What is asthma?

Asthma is a common disease characterised by inflammation and narrowing of the airways, the small tubes that carry air in and out of the lungs. In mild asthma the narrowing occurs occasionally but happens more often as asthma gets more severe. Symptoms of asthma include wheezing, shortness of breath, chest tightness and cough. Asthma effects children and adults, and may develop at any age. It is the most common chronic disease in childhood. It is estimated that 470,000 people in Ireland have asthma – the fourth highest prevalence worldwide after Australia, New Zealand and the United Kingdom.

What causes asthma?

The cause of asthma is not fully understood. It is thought that genetics (eg those related to allergy) may be a factor, as well as environmental influences such as allergens and pollutants. Other factors such as exercise, cold air and upper respiratory tract infections can also prompt attacks.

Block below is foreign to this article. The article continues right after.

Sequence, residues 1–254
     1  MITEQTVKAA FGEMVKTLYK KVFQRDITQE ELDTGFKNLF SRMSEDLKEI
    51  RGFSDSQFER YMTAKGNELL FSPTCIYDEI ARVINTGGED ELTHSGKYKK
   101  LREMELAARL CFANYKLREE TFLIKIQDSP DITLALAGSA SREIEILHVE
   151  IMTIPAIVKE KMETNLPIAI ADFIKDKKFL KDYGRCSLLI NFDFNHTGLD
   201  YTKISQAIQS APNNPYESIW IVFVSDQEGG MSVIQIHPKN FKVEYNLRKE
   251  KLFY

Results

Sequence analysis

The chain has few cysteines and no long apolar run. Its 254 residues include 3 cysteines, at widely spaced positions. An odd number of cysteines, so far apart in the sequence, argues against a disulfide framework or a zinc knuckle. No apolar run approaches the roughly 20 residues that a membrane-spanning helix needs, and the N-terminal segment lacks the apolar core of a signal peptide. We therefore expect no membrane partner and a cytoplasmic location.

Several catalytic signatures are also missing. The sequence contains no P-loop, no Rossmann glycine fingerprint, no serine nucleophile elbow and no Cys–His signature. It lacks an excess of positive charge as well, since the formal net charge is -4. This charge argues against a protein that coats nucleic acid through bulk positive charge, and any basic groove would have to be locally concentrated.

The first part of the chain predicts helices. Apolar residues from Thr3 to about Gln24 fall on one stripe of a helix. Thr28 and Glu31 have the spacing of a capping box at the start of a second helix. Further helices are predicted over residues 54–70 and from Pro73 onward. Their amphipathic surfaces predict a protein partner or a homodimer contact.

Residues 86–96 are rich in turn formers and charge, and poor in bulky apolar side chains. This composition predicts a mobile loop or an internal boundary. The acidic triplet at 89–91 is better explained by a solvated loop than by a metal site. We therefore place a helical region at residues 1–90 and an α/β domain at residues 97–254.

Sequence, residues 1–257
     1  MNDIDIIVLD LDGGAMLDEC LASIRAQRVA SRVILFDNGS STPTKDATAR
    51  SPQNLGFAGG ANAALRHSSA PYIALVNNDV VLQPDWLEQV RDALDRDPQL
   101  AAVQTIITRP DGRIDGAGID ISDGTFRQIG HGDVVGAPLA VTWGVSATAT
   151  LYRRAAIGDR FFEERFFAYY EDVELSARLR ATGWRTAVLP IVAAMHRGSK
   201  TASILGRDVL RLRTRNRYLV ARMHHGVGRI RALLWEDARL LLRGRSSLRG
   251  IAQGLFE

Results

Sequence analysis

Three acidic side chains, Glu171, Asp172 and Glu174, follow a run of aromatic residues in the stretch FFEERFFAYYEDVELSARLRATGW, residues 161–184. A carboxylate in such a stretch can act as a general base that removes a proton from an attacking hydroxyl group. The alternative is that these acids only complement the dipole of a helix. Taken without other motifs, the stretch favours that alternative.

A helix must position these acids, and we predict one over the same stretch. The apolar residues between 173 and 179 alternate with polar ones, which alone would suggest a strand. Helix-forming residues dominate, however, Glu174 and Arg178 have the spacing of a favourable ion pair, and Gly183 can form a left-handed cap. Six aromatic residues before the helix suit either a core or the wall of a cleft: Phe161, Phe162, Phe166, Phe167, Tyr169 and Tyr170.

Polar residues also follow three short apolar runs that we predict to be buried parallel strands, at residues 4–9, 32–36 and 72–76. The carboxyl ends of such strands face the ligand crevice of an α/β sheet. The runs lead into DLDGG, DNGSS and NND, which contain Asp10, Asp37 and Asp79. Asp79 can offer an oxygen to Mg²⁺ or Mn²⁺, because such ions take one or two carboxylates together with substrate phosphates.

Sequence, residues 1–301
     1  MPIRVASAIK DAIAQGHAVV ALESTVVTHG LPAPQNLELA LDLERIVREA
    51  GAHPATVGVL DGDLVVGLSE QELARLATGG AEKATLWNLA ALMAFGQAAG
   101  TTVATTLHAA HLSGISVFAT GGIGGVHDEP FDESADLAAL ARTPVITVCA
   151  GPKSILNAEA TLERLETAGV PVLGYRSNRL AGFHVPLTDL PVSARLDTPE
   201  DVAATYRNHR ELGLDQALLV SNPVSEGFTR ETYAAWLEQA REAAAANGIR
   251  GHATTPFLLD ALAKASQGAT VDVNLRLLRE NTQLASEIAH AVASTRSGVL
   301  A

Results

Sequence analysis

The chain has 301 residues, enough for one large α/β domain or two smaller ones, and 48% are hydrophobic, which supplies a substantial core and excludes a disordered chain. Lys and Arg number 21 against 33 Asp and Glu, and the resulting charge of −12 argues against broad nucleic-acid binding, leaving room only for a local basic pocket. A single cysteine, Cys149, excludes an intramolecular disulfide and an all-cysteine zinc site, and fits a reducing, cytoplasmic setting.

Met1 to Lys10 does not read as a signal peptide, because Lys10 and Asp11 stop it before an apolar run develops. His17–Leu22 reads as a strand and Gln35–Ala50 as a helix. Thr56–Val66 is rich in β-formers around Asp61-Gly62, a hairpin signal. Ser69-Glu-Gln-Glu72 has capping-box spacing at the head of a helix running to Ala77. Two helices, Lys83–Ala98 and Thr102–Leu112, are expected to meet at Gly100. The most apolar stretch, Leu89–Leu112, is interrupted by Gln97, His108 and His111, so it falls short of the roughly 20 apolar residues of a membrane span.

Treatment of asthma

Asthma symptoms improve with appropriate treatment for the majority of patients. There are several different forms of medication that can be used for the treatment of asthma, including bronchodilators, inhaled corticosteroids, or a combinaton of the two.


Short-acting bronchodilator drugs are taken by inhaling. They relax the airways and relieve symptoms of wheezing and breathlessness.

Inhaled corticosteroids

Inhaled corticosteroids are given to control inflammation of the airways, usually as regular daily treatment.

Combination therapy

In more severe cases of asthma, longer acting bronchodilators, in combination
with corticosteroids, can give more effective control.

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Reproduced by kind permission of the European Lung Foundation